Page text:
Protective effect of free-radical scavengers on corneal endothelial damage in phacoemulsification

Arie Y. Nemet, Ehud I. Assia, Dan Meyerstein, Naomi Meyerstein, Aharon Gedanken, Morris Topaz

Research output: Contribution to journalArticlepeer-review

39 Scopus citations


Purpose: To examine the role of the water-soluble antioxidants glutathione and ascorbic acid in the irrigating solution on corneal endothelial cells following exposure to high-intensity ultrasound energy. Setting: Goldschleger Eye Research Institute, Sheba Medical Center, Tel-Aviv University, Tel Aviv, Israel. Methods: Thirty-two rabbit eyes were subjected to prolonged exposure to the phacoemulsification device in the anterior chamber. The eyes were divided into 4 groups that differed only in the composition of the irrigating solution applied to the eyes: balanced salt solution (BSS) BSS Plus BSS containing additional soluble components including glutathione, BSS with 10-3 M of oxidized glutathione (GSSG), and BSS with 10-2 M of ascorbic acid. Specular microscopy was performed preoperatively and 1 week after surgery. Results: The BSS group exhibited the highest endothelial cell loss (19.3%), followed by the BSS Plus group (10.6%), the GSSG group (5.2%), and the ascorbic acid group (0.9%). An overall difference was found between the groups (F = 11.046, P<.0001), and all groups demonstrated a statistically significant difference from the control BSS group (P<.02, P = .001, and P<.0001, respectively). Conclusions: Damage to the cornea is largely due to the free radicals generated by high-intensity ultrasound energy during phacoemulsification. Adding the antioxidants ascorbic acid and GSSG to the irrigation solution significantly reduced the endothelial corneal cell damage. Ascorbic acid in the concentration of 10-2 M had the highest protective effect; thus, it should be evaluated for clinical use.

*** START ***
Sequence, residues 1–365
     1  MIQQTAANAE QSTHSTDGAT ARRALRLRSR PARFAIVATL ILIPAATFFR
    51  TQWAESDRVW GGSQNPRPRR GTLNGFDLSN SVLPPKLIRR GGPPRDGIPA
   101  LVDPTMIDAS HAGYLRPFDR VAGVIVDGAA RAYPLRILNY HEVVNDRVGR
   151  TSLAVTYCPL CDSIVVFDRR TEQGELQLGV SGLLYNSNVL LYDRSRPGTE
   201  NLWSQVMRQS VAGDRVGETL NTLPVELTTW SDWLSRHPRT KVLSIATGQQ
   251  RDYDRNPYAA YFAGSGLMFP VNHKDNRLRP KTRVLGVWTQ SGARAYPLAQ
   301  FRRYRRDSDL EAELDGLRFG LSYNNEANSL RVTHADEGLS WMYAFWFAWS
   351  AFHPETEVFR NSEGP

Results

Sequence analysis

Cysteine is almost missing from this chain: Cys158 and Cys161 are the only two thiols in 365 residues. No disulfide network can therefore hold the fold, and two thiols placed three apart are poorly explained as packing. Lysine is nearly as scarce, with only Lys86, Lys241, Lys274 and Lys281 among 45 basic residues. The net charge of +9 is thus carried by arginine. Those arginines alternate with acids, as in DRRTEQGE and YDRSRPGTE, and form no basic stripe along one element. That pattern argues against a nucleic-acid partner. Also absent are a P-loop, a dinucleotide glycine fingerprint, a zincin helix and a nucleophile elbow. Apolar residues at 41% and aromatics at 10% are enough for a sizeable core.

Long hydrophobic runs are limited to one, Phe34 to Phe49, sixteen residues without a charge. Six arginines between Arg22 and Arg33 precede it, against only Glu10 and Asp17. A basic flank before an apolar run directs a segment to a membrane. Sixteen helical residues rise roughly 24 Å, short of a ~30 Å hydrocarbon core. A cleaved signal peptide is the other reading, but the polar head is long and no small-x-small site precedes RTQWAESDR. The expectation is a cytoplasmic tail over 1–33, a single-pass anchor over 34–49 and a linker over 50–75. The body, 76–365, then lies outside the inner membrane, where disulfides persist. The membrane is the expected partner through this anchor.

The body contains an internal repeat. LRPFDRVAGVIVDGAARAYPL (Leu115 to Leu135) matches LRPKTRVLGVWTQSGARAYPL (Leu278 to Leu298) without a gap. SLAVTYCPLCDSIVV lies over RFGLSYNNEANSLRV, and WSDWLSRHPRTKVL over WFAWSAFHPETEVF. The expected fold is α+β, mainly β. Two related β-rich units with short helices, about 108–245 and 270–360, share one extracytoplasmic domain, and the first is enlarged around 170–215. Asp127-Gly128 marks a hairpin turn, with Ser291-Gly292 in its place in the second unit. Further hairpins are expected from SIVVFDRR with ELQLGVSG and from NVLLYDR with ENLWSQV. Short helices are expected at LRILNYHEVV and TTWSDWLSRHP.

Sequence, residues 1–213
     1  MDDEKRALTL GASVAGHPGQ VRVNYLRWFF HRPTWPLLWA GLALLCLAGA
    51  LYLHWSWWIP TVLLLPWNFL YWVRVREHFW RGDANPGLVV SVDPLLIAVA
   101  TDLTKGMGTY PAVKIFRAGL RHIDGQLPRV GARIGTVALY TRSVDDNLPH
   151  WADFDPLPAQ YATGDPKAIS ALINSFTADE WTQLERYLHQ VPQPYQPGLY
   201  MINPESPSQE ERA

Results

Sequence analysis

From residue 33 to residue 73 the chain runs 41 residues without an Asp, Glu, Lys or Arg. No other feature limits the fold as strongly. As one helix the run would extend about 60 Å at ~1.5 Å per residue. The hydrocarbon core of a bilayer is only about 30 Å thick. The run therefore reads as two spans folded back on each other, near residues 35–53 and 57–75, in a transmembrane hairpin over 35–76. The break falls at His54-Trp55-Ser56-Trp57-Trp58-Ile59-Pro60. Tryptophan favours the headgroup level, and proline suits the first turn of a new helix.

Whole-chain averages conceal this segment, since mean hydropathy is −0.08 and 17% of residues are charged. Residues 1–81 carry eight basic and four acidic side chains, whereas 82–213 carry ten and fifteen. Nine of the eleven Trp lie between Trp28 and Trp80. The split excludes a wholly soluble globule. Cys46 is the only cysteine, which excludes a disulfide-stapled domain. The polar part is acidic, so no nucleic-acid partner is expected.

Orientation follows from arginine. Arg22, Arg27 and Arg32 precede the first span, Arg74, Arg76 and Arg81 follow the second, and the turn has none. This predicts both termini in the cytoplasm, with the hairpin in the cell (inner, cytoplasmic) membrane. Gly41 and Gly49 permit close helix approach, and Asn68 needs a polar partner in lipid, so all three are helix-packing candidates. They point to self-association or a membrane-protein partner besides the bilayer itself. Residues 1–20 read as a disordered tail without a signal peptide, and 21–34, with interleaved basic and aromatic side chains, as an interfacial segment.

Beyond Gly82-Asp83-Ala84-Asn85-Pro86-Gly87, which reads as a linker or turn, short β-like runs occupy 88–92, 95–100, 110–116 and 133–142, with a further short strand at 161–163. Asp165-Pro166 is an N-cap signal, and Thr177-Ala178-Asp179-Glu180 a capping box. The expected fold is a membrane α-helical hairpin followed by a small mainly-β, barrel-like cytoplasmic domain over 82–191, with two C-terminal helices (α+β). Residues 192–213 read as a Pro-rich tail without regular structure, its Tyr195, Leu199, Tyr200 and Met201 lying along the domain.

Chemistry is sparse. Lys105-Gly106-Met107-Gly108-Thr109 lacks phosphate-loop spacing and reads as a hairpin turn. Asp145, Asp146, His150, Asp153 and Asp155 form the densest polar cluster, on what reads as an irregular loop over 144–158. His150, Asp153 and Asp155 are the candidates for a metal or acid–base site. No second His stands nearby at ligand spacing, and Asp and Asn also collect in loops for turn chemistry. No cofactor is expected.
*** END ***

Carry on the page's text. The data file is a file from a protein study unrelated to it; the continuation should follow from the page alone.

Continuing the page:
Original languageEnglish
Pages (from-to)310-315
Number of pages6
JournalJournal of Cataract and Refractive Surgery
Issue number2
StatePublished - Feb 2007
Externally publishedYes

Bibliographical note

Funding Information:
Funded in part by a grant from the Clair and Amedee Martier Institute for the Study of Blindness and Visual Disorders, Sackler Faculty of Medicine, Tel-Aviv University, Tel-Aviv, Israel.


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